The dumbing down of making things

Despite the title of this post and the picture below, this is not an essay against 3D Printing. Nor is it an essay in favour of the technology. The merits and shortcomings of 3D Printing have been discussed ad nauseum in the hobby, and I’m not rehashing those debates here.

MakerBot photo MakerBot_zps96549c6f.jpg

This week I attended a two-day technology conference in Toronto, at which one of the keynote speakers enthused about 3D Printing. The speaker – a long-time observer of the technology sector – argued that 3D Printing hailed the coming of the third industrial revolution, combining the physical industrial revolution launched by the spinning jenny in the 18th Century with the digital industrial revolution ushered in by the personal computer in the 1980s.

SpinningJenny photo SpinningJenny_zps67d50bcc.jpg

Apple IIc photo PersonalComputer_zps609b0eb9.jpg

While the speaker may have a point – only the test of time will determine that – I was appalled at how he not only ignored the value of craftsmanship but actually dismissed it when questioned about it later.

During his presentation, the speaker related a story from his childhood about working with his grandfather to build an engine (the gasoline-powered kind, not a locomotive). He made a mistake while measuring a part to be machined and ruined the piece. His take-away from this? “Measuring is hard” and somehow – magically, I suppose – 3D printing eliminates the need to know how to measure.

Yeah, I know: “Seriously?”

I followed up on this in a later Q&A session. As an (admittedly novice) owner of a Sherline Mill, I argued that measuring is actually relatively easy. It’s a mechanical skill that requires little more than the ability to read a calliper and the patience to double-check plans and measurements.

By extension, all physical aspects of making things – whether machining, wood working, model building or something else – are relatively simple skills that involve observation, accuracy and patience. (The key word here is “relatively”.) As such, the physical acts can be performed by a computer-driven machine – whether it’s a lathe, a mill, or a 3D printer. In fact, they can probably be performed better by such computer-driven devices than by a human because accuracy and patience is something computers are really good at.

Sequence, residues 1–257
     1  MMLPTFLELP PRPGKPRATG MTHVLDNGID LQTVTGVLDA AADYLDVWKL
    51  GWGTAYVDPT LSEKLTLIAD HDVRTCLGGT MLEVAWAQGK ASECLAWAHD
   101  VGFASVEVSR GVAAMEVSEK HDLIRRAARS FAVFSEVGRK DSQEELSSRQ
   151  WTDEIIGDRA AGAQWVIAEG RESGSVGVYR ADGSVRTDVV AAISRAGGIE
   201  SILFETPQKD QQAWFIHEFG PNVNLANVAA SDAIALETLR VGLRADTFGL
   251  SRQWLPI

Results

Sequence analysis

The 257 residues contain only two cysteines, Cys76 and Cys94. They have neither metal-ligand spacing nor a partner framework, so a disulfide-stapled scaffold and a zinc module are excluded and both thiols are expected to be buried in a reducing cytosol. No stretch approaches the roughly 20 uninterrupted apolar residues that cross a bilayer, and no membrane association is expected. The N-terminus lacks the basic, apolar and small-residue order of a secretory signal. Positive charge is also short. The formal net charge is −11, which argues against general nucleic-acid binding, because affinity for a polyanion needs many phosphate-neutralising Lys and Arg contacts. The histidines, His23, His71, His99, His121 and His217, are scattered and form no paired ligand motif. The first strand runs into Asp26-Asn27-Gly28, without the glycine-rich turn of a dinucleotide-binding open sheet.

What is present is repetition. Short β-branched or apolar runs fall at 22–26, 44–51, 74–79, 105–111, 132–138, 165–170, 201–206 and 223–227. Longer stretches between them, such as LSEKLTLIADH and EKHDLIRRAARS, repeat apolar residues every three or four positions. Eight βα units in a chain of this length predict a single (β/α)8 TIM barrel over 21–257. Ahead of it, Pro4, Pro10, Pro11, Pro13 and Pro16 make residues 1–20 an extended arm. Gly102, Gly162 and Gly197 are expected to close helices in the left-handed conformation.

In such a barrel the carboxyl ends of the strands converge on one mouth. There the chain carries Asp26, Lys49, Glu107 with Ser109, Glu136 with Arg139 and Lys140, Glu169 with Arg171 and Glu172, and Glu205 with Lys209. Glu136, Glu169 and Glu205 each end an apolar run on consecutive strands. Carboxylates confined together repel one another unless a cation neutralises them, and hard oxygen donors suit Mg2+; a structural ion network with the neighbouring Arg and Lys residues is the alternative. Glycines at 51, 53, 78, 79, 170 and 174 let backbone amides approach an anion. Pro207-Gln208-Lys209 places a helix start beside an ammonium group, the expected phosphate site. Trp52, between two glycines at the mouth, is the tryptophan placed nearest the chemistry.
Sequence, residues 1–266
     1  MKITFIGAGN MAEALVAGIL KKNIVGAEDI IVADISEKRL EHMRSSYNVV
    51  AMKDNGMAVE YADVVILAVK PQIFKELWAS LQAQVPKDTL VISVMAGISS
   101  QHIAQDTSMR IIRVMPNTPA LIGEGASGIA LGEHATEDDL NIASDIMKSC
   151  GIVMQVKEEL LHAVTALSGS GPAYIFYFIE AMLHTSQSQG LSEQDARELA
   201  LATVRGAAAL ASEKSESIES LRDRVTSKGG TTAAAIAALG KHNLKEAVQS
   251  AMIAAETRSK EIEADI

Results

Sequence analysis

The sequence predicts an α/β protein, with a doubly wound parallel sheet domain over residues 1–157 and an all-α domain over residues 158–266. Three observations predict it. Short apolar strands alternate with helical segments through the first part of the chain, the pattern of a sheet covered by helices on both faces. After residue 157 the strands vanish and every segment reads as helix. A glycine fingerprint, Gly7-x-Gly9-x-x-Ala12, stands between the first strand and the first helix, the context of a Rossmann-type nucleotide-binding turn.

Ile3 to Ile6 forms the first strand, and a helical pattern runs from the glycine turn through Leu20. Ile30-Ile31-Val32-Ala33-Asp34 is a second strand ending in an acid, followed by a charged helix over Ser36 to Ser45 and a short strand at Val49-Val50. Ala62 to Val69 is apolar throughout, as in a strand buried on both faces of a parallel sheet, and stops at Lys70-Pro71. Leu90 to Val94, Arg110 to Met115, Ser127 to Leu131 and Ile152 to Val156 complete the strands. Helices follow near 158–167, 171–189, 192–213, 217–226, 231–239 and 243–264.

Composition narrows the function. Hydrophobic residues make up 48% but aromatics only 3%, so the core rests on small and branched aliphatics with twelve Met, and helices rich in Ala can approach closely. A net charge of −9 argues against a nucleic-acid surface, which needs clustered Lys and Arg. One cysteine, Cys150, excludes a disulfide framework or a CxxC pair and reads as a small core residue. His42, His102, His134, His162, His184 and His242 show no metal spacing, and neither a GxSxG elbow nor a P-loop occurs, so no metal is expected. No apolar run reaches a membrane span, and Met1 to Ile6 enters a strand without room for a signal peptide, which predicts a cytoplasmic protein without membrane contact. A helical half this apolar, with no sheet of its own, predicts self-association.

The real talent is in understanding how to design the object in the first place – an understanding that can only be gained through a combination of education, apprenticeship and experience. It’s easy to use a fly cutter in a mill to remove material from the surface of a piece of metal. It’s easy to press the “Make” icon on a computer screen to start the 3D Printing process. It’s hard to know – to really understand – whether the material you’ve chosen for your design is the best material, and how much you can push that material’s properties before it will no longer be able to perform the function you’re asking of it.

3D Printing gives us a new means of production, but it’s worse than useless without the knowledge imparted by the process of training and experience – in other words, by craftsmanship.

“Worse than useless” is a strong statement, but here are a couple of examples of why I feel this is a fair assessment:

I could use a 3D Printer to fabricate a hammer. But unless I understand the stresses acting on a hammer when I pound a nail, my 3D Printed hammer could shatter. The shattered head could rebound and crack me in the temple. At an extreme, it could kill me.

I could use a 3D Printer to fabricate a coffee mug. But unless I understand the nature of the material I use, and the limitations of the current technology, I could create a mug that could be impossible to properly clean. (For example, current 3D Printers leave small ridges that could encourage bacteria growth.) In time, my mug could harbour enough bacteria to make me seriously ill, or even kill me.

The visionary’s response to the role of craftsmanship was dismissive. “Computers will do all that” was essentially his verdict. And that disturbs me because ultimately, computers are programmed to serve. If we press the “Make” button, a computer might be programmed to say “Hey – are you sure? Because this hammer looks kind of dodgy to me”. But in the end, it’ll 3D Print my poorly-designed Hammer O’ Death.